Big Data: Not Really the Same as Level 1 Data

January 15, 2015
Derek Raghavan, MD, PhD, FACP, FRACP, FASCO

Oncology, Oncology Vol 29 No 1, Volume 29, Issue 1

The problem with large sets of data is the risk of the “GIGO” principle-viz. garbage in, garbage out-and it requires a very careful and thoughtful investigator to rule out the many errors of large-scale data capture.

I have the greatest respect for the seminal contributions of Drs. Crawford and Moul to the domain of prostate cancer therapy. As a result, I read their review on the side effects of androgen-deprivation therapy (ADT)[1] carefully and with interest, notwithstanding that the authors received medical writing assistance funded by Ferring Pharmaceuticals, the manufacturers of a commercially available luteinizing hormone–releasing hormone (LHRH) antagonist. (Of importance, the authors note that there was no corporate interference with the editorial development of their article.) The introduction of LHRH antagonists, as compared with agonists, has been interesting and complex but is beyond the scope of my brief note.

I was able to glean from this review that Crawford and Moul find the literature on the side effects of ADT to be somewhat inconsistent and occasionally confusing, and I think that to be fair comment.

That said, when conducting a review of published information, it is often useful to look for potential conflicts of interest among the authors who provide data suggesting that the cardiovascular side effects of ADT do not exist. Of course, such conflicts may not be present, and the repeated publication of papers suggesting that ADT has no real cardiovascular side effects may actually just represent the misuse of large data bases-or conversely the misinterpretation of very small data bases with short follow-up.

The problem with large sets of data is the risk of the “GIGO” principle-viz. garbage in, garbage out-and it requires a very careful and thoughtful investigator to rule out the many errors of large-scale data capture, before implementing any large (or small) data base. The big-data advocates believe that errors will be lost in purported real-world data sets that reflect the community as a whole; however, it seems to me that repeating an error of data recording 10,000 times, or introducing inadvertent selection bias or reporting bias 10,000 times, does not really improve the quality of the associated report.

In the case of their current article, Crawford and Moul seem to believe it is not clear whether ADT causes cardiovascular system side effects. Based on prospective published studies reported by others and noted by these authors, and personal experience, I feel that there is an increased risk of cardiovascular disease in patients who are castrated, particularly via medical therapy. While I usually believe level 1 evidence, huge historically based studies from large data bases do not meet my definition of level 1 evidence. With respect to many analyses and meta-analyses of sets of randomized patients that have led to questioning of the impact of ADT with regard to late effects, one can reasonably question several methodologic issues beyond the scope of a brief editorial comment. Having watched many patients develop cardiovascular complications or metabolic syndrome after the initiation of ADT, with no prior history or relevant risk factors, I am convinced that ADT does create metabolic syndrome in some patients. That said, it remains a very useful treatment for men with prostate cancer who have the appropriate evidence-based indications.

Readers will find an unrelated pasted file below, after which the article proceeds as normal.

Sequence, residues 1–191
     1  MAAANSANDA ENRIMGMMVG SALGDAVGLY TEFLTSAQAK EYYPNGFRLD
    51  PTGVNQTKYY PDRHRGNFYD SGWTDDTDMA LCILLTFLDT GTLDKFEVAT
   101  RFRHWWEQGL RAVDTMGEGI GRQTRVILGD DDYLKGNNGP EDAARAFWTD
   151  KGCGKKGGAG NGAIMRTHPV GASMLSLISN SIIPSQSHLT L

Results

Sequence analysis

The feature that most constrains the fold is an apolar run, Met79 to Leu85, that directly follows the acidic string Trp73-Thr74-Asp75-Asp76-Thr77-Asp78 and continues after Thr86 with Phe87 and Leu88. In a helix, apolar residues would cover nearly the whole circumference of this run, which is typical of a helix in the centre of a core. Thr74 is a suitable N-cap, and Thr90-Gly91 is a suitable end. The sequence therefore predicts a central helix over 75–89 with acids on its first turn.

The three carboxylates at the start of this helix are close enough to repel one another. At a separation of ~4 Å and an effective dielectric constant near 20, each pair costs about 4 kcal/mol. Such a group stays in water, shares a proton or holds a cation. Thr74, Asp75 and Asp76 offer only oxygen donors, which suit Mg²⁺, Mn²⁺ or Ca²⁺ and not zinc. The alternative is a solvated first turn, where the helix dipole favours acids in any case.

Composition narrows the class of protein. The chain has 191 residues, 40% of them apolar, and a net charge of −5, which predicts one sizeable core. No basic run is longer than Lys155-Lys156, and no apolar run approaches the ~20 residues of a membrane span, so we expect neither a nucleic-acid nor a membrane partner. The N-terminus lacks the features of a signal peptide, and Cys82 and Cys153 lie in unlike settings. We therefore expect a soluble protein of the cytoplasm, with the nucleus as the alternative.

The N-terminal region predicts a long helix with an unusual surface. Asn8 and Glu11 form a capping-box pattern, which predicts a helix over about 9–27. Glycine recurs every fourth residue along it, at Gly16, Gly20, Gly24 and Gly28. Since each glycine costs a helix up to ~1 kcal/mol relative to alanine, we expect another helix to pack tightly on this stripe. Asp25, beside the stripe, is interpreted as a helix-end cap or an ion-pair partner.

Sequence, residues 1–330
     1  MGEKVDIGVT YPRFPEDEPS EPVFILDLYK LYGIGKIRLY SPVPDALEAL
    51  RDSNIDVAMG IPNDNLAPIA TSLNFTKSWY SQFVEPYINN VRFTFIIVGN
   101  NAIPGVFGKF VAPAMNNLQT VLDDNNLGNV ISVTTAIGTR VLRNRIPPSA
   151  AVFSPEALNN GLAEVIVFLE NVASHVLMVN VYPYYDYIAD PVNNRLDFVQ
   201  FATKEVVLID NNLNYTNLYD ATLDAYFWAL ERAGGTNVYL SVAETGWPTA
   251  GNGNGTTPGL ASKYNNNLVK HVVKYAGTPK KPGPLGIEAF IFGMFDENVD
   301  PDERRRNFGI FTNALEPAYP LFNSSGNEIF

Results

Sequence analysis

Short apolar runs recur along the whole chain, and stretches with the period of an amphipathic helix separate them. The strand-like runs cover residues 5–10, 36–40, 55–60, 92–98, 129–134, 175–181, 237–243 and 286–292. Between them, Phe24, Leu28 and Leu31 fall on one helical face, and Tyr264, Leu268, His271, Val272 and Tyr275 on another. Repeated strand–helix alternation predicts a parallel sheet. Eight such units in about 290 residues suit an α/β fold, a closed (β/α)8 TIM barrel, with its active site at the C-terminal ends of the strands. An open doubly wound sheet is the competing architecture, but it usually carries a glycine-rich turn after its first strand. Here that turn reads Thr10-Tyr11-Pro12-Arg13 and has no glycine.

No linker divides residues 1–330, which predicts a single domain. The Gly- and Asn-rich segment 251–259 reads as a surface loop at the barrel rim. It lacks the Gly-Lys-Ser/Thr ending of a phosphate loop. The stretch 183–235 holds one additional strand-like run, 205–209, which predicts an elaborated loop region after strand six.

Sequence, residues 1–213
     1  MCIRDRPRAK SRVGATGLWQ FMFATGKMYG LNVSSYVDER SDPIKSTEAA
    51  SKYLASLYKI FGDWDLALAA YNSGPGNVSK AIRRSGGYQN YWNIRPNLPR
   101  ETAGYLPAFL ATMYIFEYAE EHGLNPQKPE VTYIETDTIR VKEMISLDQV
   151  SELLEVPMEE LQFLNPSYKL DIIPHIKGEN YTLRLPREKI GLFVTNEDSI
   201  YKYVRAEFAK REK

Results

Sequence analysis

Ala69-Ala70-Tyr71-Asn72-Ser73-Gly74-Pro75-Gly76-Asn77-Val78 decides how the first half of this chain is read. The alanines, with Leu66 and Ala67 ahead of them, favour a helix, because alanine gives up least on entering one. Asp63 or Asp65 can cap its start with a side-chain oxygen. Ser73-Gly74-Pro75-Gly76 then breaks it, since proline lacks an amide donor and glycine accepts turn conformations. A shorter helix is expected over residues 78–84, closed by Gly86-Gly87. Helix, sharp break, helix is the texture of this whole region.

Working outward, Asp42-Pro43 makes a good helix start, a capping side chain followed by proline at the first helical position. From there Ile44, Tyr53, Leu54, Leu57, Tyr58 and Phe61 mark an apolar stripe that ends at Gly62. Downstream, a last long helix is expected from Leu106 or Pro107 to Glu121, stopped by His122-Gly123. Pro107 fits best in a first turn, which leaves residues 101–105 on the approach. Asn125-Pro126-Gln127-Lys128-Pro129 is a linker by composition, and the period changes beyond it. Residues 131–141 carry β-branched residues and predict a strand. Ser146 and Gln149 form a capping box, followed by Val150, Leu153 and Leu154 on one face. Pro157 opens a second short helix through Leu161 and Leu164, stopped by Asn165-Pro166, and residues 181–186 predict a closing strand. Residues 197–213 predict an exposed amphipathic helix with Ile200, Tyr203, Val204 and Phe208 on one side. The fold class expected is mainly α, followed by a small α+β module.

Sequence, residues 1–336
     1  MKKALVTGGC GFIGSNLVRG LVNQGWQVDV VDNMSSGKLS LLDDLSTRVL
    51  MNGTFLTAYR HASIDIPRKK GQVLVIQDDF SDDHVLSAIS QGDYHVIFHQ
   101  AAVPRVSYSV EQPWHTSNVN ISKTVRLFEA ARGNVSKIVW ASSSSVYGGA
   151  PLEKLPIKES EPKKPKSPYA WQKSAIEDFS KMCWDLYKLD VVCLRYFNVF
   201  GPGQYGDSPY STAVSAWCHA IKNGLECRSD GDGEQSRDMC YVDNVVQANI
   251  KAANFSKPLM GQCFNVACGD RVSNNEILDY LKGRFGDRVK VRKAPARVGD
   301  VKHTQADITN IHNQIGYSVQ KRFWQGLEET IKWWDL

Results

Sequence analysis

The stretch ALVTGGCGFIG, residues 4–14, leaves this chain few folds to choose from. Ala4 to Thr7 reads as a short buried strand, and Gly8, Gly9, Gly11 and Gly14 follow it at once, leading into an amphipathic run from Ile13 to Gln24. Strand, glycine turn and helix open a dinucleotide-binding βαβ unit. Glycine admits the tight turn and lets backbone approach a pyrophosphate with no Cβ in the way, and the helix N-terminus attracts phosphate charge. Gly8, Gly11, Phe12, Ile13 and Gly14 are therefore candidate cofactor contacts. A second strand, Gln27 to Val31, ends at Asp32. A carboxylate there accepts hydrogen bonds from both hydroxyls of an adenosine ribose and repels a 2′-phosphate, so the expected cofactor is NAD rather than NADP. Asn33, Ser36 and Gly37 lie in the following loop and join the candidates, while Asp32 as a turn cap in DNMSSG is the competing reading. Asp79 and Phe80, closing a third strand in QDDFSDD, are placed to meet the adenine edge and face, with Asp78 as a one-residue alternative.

What is much less compelling to me is the discussion by this fine duo of the Chung paper on pneumonia.[2] They seem to accept the observation as fact, whereas I am not convinced that the source paper should have been published!! The study reflects another large, national data base of uncertain quality, with prostate cancer patients who were quite different in the ADT and non-castrate groups (significantly older age, potentially different Charlson comorbidity scores, etc.), and the study lacked both a definition of what constituted “pneumonia” and clarity about other treatments that were being administered to two quite different prostate cancer populations. There are many buckets in this study, and the absence of significant P values for the two patient populations, once allocated into these categorical buckets, may just represent the small sample size of the purported pneumonia victims. Thus, it is not at all clear that “pneumonia” really is increased in the castrate or ADT-treated population.

In sum, the review by Crawford and Moul is interesting, but I am not sure that I agree with all of its conclusions. As the year 2015 begins, it is probably more interesting to think about the potential late effects of some of the newer agents that are in widespread use, rather than running around the same old track of recycled castration data, irrespective of whether the data reflect surgical castration or agonist/antagonist treatment. The authors’ hint that antagonists have less toxicity than agonists really should not be dignified by any specific comment.

Financial Disclosure:The author has no significant financial interest or other relationship with the manufacturers of any products or providers of any service mentioned in this article.

References:

1. Crawford ED, Moul JW. ADT risks and side effects in advanced prostate cancer: cardiovascular and acute renal injury. Oncology (Williston Park). 2015;29:55-66.

2. Chung SD, Liu SP, Lin HC, Wang LH. Increased risk of pneumonia in patients receiving gonadotropin-releasing hormone agonists for prostate cancer. PLoS One. 2014;9:e101254.